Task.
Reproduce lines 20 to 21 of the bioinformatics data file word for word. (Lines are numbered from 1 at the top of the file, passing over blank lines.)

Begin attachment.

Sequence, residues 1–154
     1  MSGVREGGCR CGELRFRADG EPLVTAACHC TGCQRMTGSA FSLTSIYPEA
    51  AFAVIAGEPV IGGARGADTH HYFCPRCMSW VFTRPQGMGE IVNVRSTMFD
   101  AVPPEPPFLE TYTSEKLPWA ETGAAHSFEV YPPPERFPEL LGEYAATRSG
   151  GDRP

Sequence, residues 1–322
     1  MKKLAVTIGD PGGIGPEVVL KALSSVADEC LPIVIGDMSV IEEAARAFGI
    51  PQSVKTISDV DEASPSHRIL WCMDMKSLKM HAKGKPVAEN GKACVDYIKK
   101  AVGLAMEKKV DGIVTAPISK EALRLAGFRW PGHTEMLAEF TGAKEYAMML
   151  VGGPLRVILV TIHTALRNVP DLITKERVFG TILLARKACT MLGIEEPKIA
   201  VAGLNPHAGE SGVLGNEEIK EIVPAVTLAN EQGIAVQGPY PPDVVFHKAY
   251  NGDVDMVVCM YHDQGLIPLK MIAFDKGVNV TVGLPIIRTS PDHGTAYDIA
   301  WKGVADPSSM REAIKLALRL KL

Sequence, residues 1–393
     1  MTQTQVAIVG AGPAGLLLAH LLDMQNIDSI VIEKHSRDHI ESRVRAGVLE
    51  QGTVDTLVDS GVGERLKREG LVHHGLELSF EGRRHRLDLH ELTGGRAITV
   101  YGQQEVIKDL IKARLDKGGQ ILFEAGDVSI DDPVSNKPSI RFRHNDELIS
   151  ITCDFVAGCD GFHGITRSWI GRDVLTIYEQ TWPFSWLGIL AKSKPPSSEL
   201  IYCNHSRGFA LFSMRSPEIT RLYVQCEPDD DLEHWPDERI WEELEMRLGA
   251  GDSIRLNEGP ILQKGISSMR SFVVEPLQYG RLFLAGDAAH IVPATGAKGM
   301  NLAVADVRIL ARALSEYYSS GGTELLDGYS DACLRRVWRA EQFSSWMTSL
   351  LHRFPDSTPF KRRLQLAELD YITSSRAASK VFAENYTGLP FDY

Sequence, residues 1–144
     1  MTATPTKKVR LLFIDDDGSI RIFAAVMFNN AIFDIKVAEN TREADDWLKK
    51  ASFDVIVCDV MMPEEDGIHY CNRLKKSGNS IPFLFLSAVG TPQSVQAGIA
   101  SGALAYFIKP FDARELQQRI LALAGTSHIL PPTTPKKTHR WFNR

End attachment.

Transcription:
   251  GDSIRLNEGP ILQKGISSMR SFVVEPLQYG RLFLAGDAAH IVPATGAKGM
   301  NLAVADVRIL ARALSEYYSS GGTELLDGYS DACLRRVWRA EQFSSWMTSL